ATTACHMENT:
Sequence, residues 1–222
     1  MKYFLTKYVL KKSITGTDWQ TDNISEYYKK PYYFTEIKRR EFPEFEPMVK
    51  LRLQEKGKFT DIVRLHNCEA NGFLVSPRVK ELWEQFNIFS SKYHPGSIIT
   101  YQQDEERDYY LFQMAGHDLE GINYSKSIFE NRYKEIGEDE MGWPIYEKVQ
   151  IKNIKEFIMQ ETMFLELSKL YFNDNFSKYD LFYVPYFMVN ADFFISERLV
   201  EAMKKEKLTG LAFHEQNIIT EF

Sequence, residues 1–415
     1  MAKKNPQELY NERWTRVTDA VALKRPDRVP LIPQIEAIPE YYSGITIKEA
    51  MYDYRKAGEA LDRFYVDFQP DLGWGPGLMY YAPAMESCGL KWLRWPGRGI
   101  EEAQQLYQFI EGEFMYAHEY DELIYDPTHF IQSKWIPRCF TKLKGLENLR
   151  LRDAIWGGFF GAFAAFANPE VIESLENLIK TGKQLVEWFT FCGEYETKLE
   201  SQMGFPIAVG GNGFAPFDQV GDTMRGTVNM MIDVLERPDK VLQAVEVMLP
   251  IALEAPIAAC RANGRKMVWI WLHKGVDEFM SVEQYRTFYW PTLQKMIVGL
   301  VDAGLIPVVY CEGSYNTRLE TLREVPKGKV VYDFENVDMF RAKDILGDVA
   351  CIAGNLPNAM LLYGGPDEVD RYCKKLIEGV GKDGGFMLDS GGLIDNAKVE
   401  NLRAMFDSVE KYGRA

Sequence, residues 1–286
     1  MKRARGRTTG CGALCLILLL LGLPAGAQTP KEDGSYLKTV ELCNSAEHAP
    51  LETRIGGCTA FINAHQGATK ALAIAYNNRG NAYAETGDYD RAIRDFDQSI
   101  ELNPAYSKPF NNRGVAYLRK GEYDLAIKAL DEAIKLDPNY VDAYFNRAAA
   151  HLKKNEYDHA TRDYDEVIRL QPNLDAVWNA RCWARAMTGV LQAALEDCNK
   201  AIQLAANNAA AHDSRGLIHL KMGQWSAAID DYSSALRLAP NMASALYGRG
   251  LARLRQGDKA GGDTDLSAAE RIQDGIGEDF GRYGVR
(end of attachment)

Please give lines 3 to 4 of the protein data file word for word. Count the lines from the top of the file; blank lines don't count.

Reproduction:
    51  LRLQEKGKFT DIVRLHNCEA NGFLVSPRVK ELWEQFNIFS SKYHPGSIIT
   101  YQQDEERDYY LFQMAGHDLE GINYSKSIFE NRYKEIGEDE MGWPIYEKVQ